SilentDawn’s review published on Letterboxd:
Visionary in its storytelling, unique in its concept, insanely confident, and completely astonishing from the first frame to the last; David Robert Mitchell's It Follows is a glorious treasure of the horror genre, crafting a spellbinding story full of character and style while never (not even for a second) skimping out on an inch of atmosphere and increasingly foreboding dread.
The story of It Follows involves Jay (expertly played by Maika Monroe), a young girl who after a innocent sexual encounter, is followed by an unknown force. Knowing anything more than that is almost a sin, as David Robert Mitchell crafts surprise and horror like nobody's business. The simple tale, written by Mitchell, is a masterclass in both developing character traits and ratcheting up anxiety. The cast, made up of mostly young actors, sells every moment and set-piece with conviction and class, only enveloping the audience further into this nightmarish vision. Every character feels real and a part of this fable-esque world, one full of rolling leaves and sudden shadows. A huge basis for horror is believable and rational characters, and Mitchell understands that and brings that very concept to It Follows with ease and versatility.
And yet, the star of this horror show is the scares. I mean, what is a horror film without its scares? It Follows starts menacingly and only expands from the outset, luring the audience immediately into an environment of innocence lost, or at least, innocence in the process of fading away. Abandon all expectations for those who enter here, as It Follows is expertly built on the nightmares and the fears of the unknown. Within the realms of Mitchell's masterwork, the tapestry flows and bursts with a sense of vitality and an endless stream of cinematic possibilities. No one is safe, no scene feels secure or off-limits, and every moment is almost at the limit of explosion in regards to its tension. This is one tightly-wound motherfucker, and once it starts, you won't be able to stop your palms from sweating and your feet from nervously kicking.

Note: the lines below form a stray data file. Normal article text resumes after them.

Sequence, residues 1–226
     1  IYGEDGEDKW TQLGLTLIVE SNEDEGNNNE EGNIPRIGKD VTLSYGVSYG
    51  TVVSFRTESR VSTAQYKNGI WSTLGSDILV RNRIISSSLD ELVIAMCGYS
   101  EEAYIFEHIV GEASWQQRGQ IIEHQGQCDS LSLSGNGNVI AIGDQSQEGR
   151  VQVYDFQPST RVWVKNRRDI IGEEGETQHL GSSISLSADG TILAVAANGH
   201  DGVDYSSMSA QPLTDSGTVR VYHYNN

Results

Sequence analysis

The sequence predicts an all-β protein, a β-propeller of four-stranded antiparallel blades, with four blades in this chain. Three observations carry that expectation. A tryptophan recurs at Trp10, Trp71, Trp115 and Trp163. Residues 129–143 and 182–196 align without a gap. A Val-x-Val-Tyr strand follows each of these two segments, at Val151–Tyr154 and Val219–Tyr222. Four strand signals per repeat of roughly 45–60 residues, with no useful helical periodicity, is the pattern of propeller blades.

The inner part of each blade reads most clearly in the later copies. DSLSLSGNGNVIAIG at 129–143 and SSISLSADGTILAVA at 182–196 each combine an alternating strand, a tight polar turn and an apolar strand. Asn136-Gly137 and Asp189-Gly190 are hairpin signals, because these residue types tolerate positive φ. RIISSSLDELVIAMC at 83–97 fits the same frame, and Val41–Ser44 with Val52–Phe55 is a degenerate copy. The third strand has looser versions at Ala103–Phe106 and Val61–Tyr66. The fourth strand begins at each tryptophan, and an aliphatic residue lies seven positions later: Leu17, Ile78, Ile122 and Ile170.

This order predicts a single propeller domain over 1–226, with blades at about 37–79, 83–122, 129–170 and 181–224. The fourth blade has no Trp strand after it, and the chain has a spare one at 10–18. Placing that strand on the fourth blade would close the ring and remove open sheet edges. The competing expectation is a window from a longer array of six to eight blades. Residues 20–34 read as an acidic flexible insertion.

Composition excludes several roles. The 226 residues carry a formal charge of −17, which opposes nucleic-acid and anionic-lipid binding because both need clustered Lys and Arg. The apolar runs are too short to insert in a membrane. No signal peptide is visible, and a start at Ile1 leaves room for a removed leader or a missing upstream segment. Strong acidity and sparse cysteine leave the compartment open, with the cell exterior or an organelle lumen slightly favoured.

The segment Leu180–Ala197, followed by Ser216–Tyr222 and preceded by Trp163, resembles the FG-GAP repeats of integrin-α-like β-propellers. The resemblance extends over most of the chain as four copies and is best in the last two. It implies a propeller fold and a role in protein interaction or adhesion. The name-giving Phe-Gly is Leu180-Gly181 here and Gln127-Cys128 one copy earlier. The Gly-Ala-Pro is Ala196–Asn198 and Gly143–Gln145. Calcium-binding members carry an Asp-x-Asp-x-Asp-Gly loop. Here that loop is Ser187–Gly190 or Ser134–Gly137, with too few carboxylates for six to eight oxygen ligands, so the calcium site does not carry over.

The combination of David Robert Mitchell's direction and Mike Gioulakis' cinematography equals a horror picture of sublime composition and delicate positioning of the camera. From the leaf-laden cabins, the expansive seas, and the haunting playgrounds in the middle of a cool night; It all reeks of disquieting and hair-raising terror. Mitchell makes the most use of every location, throwing in a new technique every five seconds to keep the blood-curdling imagery fresh and consistently lush. Along with Disasterpeace's lucid and unforgettable score, the atmosphere of It Follows is nothing less than a shining example of how to craft mood and frightening emotions, and more importantly, how to build that mood up to a fever pitch.
And yet, the greatest aspect of It Follows just might be its massive boiling pot of themes and motifs that are expertly hidden within such a agonizing vision. The comments on sex, the loss of childhood, and the fascinating discussion on the inevitability of death results in a picture that keeps you on your toes while still swirling your cinephile mindset. The film basically is an ominous and expertly crafted piece of cinematic perfection, having every element together in perfect synchronization.
It Follows will inevitably get a backlash as a result of the massive hype behind it, but let it come. David Robert Mitchell's film is a force of nature, and if you let seep into your mind, your memories, and your dreams; you'll find a deeply satisfying experience that is as unsettling as it is remarkably dazzling. For all the modern horror that has come and gone as it disappointed as a result of the expectations, I cannot overstate how refreshing it is to see a work that legitimately is a horror classic.
That's worth the nightmares that I'll be having for the next few months. Thank you It Follows for actually scaring me. No, scratch that. Thank you It Follows for horrifying me just as much as when I saw Halloween when I was a young boy. 2015, I don't care if its only March, you have a tough contender to battle out of the top spot, as this might be the film of the year.